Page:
Kataeb leader Sami Gemayel emphasized the importance of the opponents to coordinate in light of a “confrontation that could result if some insist on imposing their will on us,” referencing the Hezbollah camp.
“We have made it clear that in this first stage, there is no question of names. We must first agree on a common approach,” said Mark Daou, MP for Aley, who was present at the meeting in Saifi.
Rai’s messages to Aoun
In its major points, the protest MPs’ initiative overlaps with multiple calls made by the Maronite patriarch Bechara al-Rai to elect a president capable of ending Lebanon’s state of crisis.
In a televised interview Sunday evening, the prelate said he wants a president “who would be unifying and not have personal interests.”
Indicating he was not convinced by the notion of a “strong” president, a slogan raised by the Baabda camp throughout Aoun’s term in office, Rai asked the head of state to exit his post after Oct. 31.
“My advice to President Aoun is to leave the Baabda Palace with honor, just as he entered it,” Rai said.
The patriarch’s remarks seemed like an indirect response to threats made by Aoun and his son-in-law Bassil last week.
“If a new president is not elected and a ministerial team is not set up before Oct. 31, and if [Prime Minister-designate Najib Mikati and his supporters] put my back against the wall, there will be many questions surrounding the next step I will have to take,” Aoun told al-Joumhouriya daily. Bassil also threatened “constitutional chaos.”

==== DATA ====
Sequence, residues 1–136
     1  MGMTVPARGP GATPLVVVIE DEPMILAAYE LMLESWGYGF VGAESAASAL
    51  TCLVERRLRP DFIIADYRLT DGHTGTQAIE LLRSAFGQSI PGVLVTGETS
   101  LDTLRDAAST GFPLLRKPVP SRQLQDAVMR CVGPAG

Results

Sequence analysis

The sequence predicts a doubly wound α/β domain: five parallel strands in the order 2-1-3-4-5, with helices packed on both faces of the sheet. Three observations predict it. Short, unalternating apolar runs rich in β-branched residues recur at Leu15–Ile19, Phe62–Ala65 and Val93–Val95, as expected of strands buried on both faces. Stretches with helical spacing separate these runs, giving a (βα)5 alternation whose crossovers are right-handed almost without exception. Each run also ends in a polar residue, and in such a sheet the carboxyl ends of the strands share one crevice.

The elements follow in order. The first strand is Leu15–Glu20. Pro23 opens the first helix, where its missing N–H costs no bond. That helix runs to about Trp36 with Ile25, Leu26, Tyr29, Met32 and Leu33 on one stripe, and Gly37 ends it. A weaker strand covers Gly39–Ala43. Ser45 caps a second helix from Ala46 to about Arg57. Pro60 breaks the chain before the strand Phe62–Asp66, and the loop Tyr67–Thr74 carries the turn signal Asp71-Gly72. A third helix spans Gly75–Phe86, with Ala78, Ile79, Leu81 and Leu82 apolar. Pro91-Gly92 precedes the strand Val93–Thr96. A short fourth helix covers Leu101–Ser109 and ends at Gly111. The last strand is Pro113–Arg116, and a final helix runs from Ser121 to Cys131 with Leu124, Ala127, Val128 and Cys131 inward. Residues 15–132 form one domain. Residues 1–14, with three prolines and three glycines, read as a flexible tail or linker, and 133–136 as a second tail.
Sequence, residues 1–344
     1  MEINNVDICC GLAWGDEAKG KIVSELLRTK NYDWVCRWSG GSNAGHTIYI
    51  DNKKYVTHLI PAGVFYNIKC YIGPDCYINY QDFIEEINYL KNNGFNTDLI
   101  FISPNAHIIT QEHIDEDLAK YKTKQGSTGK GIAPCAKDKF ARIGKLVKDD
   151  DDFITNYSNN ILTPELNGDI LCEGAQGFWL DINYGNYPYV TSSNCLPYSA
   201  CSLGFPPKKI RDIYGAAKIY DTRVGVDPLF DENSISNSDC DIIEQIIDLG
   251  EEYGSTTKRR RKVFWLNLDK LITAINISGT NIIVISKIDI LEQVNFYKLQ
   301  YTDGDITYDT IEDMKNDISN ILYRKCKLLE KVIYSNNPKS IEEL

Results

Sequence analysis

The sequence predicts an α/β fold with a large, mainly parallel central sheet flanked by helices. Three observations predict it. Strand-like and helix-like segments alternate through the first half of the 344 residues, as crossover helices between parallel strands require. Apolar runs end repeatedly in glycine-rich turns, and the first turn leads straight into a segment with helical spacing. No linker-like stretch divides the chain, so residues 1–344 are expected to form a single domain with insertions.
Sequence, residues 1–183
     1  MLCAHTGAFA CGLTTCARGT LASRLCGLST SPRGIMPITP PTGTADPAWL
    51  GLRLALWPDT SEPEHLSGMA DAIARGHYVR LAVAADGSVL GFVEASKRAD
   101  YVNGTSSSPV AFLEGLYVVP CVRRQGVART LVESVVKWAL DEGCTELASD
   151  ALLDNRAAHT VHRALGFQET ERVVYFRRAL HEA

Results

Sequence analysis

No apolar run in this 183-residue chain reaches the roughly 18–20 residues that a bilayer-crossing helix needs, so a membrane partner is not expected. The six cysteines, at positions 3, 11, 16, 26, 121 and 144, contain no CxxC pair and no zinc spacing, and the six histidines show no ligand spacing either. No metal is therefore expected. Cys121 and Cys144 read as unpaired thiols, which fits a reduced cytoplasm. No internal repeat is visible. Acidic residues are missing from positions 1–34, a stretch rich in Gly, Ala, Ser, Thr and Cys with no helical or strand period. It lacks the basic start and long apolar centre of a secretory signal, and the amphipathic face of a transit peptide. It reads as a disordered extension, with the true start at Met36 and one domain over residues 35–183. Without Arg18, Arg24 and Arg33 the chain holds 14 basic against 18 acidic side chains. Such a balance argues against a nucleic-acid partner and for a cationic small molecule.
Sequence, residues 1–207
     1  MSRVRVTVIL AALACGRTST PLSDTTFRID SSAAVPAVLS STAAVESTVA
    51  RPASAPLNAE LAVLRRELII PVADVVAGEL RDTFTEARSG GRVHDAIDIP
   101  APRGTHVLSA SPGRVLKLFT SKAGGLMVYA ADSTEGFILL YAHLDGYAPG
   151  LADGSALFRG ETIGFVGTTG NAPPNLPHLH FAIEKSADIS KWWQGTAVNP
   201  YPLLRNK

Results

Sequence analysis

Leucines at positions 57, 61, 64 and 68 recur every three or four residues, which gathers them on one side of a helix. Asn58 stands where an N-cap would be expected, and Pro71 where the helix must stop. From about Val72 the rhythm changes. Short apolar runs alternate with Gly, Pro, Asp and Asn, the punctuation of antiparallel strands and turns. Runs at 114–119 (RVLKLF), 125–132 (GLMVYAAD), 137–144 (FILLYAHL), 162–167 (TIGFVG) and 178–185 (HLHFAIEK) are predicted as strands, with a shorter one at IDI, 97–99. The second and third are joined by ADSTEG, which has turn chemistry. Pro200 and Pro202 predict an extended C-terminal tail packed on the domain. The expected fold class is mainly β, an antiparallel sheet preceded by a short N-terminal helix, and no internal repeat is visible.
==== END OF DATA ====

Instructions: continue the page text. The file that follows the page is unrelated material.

Commenting on the candidates, Rai said, “It is not the Church’s job to propose presidential candidates.” He explained that, unlike 2014, he does not intend to bring Christian leaders together under his leadership in Bkerke.
“I prefer to unite the Lebanese,” Rai said.
This article was originally published in French in L'Orient-Le Jour. Translation by Joelle El Khoury.
While only seven weeks separate Lebanon from the end of President Michel Aoun’s term in office, a local and international effort is underway to find his successor. On the local scene, the 13 Forces of Change MPs began visits Monday with political actors from all parties in hopes of reaching common ground on the future head of state. At the same time, France and Saudi Arabia seem invested in...